Researchers and Community Groups Train Hispanic Adults in Leadership and Advocacy
The Hispanic Community Health Study/Study of Latinos (HCHS/SOL), in collaboration with the National Hispanic Council on Aging (NHCOA), trained 27 committed individuals from across South Florida on community advocacy tools during a two-day Empowerment and Civic Engagement Training (ECET) seminar held at the Miller School of Medicine on March 10-11. The diverse group included participants from non-profit organizations, HCHS/SOL friends, community health workers, and others.
“One of our main goals is outreach to the Hispanic/Latino community,” said UM’s Neil Schneiderman, Ph.D., principal investigator of the Miami Field Center of the NIH-funded HCHS/SOL, the largest and most comprehensive epidemiologic study ever conducted in the Hispanic population in the U.S. “Because of their multi-year involvement with the HCHS/SOL, many of the 16,000 HCHS/SOL participants, including 4,000 in Miami, see themselves as health advocacy delegates to the community,” said Schneiderman, who is the James L. Knight Professor of Psychology, professor of medicine, psychiatry and behavioral sciences, and biomedical engineering. “The HCHS/SOL has been pleased to partner with the NHCOA in efforts to improve the lives of Hispanic older adults.”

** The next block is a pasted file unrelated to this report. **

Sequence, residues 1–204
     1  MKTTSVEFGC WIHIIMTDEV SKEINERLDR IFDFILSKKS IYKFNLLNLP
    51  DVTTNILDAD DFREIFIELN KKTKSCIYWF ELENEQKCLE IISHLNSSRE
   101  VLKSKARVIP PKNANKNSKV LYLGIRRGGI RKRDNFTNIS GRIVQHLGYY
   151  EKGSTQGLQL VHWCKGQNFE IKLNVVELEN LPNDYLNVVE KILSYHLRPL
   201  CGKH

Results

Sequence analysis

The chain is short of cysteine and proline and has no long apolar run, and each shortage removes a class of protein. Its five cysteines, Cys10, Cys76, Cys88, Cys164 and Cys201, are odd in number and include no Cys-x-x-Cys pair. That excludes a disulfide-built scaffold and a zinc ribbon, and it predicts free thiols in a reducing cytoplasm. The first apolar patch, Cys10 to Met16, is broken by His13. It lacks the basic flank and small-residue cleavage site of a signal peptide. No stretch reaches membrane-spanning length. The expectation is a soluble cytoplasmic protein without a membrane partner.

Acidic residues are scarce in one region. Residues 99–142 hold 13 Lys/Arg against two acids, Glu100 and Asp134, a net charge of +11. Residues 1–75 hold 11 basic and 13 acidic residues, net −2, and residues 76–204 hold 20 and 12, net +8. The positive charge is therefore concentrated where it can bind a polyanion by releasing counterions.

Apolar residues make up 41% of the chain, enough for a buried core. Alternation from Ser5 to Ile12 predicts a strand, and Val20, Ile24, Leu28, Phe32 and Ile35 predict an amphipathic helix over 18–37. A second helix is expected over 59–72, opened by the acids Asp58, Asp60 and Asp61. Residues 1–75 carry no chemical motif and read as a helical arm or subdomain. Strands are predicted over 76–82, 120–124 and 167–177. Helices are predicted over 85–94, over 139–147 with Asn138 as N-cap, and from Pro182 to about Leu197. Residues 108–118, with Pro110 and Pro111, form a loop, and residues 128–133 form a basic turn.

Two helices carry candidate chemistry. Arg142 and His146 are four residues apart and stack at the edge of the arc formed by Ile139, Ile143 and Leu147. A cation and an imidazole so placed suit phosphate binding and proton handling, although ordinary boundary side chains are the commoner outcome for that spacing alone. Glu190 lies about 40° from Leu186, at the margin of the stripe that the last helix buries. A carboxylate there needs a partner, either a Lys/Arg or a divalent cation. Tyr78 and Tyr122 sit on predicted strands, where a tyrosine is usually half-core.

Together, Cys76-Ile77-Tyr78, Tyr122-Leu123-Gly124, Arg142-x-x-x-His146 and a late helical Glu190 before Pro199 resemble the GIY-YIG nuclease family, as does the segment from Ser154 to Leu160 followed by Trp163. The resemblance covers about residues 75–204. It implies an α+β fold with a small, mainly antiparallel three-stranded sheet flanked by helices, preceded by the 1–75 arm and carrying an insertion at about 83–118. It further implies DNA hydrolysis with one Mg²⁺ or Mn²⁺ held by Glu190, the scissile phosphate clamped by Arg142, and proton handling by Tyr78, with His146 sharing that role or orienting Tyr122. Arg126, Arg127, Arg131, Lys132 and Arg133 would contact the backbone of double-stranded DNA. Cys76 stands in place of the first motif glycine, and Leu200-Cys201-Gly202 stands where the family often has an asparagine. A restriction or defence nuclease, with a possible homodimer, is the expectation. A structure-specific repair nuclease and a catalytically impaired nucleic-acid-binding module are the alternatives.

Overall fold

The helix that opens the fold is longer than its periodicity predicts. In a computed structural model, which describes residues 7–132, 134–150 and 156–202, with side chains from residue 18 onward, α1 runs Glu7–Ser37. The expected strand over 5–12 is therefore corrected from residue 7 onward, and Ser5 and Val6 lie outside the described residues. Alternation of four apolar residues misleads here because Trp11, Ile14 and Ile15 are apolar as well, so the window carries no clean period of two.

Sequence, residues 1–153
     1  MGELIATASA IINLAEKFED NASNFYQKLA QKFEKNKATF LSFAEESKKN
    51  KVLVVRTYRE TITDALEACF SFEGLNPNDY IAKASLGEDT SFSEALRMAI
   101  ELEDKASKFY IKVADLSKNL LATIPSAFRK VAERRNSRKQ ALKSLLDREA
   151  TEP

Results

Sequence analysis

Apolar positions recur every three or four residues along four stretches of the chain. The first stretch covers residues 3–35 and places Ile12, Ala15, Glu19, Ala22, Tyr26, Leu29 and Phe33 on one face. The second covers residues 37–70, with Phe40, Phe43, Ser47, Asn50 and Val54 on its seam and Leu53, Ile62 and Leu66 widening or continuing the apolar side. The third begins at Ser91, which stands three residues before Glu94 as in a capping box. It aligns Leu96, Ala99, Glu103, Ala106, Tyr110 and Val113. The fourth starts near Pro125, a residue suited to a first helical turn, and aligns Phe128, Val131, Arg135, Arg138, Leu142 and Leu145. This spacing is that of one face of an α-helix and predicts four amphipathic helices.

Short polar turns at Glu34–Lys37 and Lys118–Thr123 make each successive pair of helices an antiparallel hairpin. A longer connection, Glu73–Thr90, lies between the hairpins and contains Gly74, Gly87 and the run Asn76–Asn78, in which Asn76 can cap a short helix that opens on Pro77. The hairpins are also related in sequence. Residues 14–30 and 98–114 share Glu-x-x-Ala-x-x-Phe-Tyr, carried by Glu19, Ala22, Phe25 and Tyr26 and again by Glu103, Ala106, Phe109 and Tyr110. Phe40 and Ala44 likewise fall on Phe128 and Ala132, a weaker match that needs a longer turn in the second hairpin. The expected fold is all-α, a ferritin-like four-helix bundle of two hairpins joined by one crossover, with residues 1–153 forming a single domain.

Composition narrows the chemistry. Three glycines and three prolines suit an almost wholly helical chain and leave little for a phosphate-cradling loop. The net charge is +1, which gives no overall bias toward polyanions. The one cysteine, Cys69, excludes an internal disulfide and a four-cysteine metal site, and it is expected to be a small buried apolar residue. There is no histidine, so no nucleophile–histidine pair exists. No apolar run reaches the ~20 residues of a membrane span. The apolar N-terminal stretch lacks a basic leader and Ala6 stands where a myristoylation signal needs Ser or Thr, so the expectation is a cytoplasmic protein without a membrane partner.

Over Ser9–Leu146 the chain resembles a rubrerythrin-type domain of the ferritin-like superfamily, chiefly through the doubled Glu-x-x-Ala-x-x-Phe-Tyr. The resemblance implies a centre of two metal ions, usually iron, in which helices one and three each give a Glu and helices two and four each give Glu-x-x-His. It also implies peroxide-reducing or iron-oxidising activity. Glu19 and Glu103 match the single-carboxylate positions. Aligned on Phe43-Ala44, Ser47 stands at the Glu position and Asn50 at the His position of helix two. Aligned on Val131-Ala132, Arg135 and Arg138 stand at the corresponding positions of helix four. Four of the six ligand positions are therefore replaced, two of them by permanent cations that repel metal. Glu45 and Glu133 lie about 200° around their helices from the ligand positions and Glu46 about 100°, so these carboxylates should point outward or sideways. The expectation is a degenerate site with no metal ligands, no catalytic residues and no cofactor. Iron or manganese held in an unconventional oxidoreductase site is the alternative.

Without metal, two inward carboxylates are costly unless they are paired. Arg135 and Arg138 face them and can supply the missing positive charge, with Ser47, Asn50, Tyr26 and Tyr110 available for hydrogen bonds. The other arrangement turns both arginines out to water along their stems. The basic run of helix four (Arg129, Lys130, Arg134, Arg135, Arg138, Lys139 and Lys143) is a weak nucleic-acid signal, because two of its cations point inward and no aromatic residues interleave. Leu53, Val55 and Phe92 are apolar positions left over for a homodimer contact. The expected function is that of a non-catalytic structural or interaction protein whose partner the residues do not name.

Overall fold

Based in Washington, D.C., NHCOA is an HCHS/SOL community partner and a leading national organization that works to improve the lives of Hispanic older adults, their families, and caregivers. NHCOA offers this training seminar to educate and empower Hispanic individuals leveraging their influence and knowledge of advocacy to be part of the solution to their communities’ most pressing problems.
“NHCOA is proud to partner with the Hispanic Community Health Study/Study of Latinos HCHS/SOL at the University of Miami as we seek to bring relevant and powerful community advocacy tools to grassroots Latino leaders across the country,” said Yanira Cruz, Dr.P.H., M.P.H., NHCOA president and CEO. “Our program is built around the idea that everyone has unique talents they can leverage to improve their own lives and those around them.
One of the main messages we want all participants to take away from this experience is that every person is a valuable member of society with the ability to take on a leadership role at any given time, whether it is within the family circle, workplace, place of worship, or the greater community. We want to debunk the myth that leaders are celebrities or elected officials, and instill the belief that every human being can play a leadership role.”